The capacitor connects these points and allows the signal from the first
stage to pass to the second stage, while keeping the 6v separated from
In other words: The Capacitor is BLOCKING DC.
How does the capacitor pass a signal?
It works just like a magnet on each side of a door. If you raise the
magnet on one side, the other magnet rises too.
If you raise the left lead, you increase the gap between the two plates
and energy flows into the right lead to fill the gap. The components
connected to the right-lead see this as a voltage almost identical to
what is happening to the left lead.
This is obviously only a simply way to see the circuit working, but this
is how you visualise what is happening.
Here it is:
When an electronics engineer looks at a circuit, he sees the capacitors
(and electrolytics) "jumping up and down" or "charging and discharging."
HOW DOES HE SEE THIS ???
1. If a capacitor has the negative lead connected to the 0v rail, it
will charge and discharge:
This capacitor does not
jump up and down.
It just charges and discharges
2. If a capacitor is NOT connected directly to the 0v rail, it will JUMP
UP AND DOWN.
This capacitor jumps up and down
In other words, the positive lead on the capacitor will receive a signal
and the capacitor will start to charge. Because the negative lead is not
connected to the 0v rail, it will also rise and this will make the whole
capacitor "rise" in the circuit.
During this time the voltage across the capacitor will increase and when
the signal on the positive lead reduces, the capacitor will "fall"
The voltage on the negative lead can actually go below the 0v rail and
that will be a surprise to many readers.
Here is a capacitor (electrolytic) "jumping up and down" to increase
the voltage to more than 1.7v to illuminate the LED.
The 1u electrolytic is charged via the 100R and the
collector-emitter of the third BC547 when it is turned ON. When the
multivibrator changes state, the second transistor is turned ON and the
left-lead of the 1u is pulled towards the 0v rail.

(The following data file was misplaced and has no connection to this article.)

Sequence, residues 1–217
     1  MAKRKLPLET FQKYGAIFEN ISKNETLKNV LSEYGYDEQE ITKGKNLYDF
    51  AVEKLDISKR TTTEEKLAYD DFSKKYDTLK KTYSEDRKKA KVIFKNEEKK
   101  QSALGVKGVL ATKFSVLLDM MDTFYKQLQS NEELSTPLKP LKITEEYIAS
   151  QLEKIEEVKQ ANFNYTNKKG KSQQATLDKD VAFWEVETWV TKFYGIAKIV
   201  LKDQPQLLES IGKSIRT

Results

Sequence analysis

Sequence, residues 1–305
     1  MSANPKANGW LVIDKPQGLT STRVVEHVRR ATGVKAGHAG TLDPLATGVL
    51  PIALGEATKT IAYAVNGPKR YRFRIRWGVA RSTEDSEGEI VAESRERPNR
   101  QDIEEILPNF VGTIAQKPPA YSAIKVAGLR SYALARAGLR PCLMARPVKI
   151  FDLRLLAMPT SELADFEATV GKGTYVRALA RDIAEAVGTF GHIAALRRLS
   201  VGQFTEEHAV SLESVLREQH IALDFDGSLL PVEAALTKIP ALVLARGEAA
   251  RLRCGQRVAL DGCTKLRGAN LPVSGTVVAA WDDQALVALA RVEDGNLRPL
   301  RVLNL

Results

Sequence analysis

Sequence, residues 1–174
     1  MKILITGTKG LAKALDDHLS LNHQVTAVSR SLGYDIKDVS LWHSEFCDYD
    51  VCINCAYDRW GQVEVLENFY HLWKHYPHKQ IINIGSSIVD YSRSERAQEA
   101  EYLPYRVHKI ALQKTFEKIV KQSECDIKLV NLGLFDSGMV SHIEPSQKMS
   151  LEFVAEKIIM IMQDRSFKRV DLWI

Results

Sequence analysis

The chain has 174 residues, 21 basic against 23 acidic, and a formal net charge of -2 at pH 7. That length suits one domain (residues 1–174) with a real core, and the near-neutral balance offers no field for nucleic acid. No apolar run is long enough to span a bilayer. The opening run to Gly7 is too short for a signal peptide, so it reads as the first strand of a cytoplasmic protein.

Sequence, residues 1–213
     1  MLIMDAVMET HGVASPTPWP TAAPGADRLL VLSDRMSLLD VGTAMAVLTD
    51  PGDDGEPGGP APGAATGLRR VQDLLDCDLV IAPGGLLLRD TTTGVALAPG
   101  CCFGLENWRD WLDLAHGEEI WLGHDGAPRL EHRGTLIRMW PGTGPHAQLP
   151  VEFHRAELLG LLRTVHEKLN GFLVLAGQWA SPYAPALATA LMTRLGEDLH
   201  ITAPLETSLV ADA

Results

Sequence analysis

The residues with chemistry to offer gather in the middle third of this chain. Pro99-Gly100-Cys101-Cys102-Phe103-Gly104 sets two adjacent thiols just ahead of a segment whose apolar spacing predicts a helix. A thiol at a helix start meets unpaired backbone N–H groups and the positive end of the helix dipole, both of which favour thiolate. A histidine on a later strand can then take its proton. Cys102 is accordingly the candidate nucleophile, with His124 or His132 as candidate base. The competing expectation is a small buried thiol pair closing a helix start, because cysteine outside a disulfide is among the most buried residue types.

The following diagram shows a timing circuit made up of
C and two resistors. When the capacitor charges to 2/3 of the voltage on
the supply rail, the 555 turns ON and starts to discharge the
electrolytic. This capacitor does not "jump up and down" because it is
connected to the 0v rail.
This takes the right-lead DOWN and the 1u acts like a battery of about
1v. The right lead goes BELOW the 0v rail by about 1v and the LED see
1.5v on its anode and -1v on its cathode.
This makes a total of 2.5v across the LED. But the LED only allows a
voltage of 1.7v to appear across its leads and thus it turns on to
produce a bright flash.
Here is an oscillator circuit using a capacitor. It is
a metal detector that operates at about 100kHz and when a piece of metal
is placed near the coil, the frequency of the circuit decreases.
There are 4 capacitors. The 330p is moving up and down a very small
amount because the voltage on the base does not alter very much.
The 470p also moves up and down (sideways) by a large amount because it
is across the output of the coil and this is a sinewave with an
amplitude of about 16v. The 100n does not move up and down because one
lead is connected to the 0v rail.
By knowing how much a capacitor jumps-up-and-down, you
can "see" a circuit working.
THE CAPACITOR AS AN INTEGRATOR
(in other words: A Capacitor accumulates pulses)
An Integrator is a "collector of pulses."
An INTEGRATION circuit basically takes a high voltage pulse
and produces a lower voltage pulse with a wider duration.
It works like this: The energy of a pulse is the area under the pulse as
shown in the diagram and this areas is spread out into a wider format
with a lower height.
The shape of the resulting waveform depends on the shape of the pulses.
Remember the fact that the incoming waveform charges the capacitor
according to the curve above and discharges it when the input is low.
If the input consists of s number of pulses, the result can be a small
DC voltage this DC may trigger another circuit.
In many cases an INTEGRATOR circuit is designed to produce and output
when a number of pulses in rapid succession are detected, and neglect
individual stray pulses.
A INTEGRATION circuit accumulates the incoming pulses, but the pulses
must be the right shape for this to occur.
In the case of circuit A, the square
wave has a HIGH equal to the LOW and the capacitor charges during the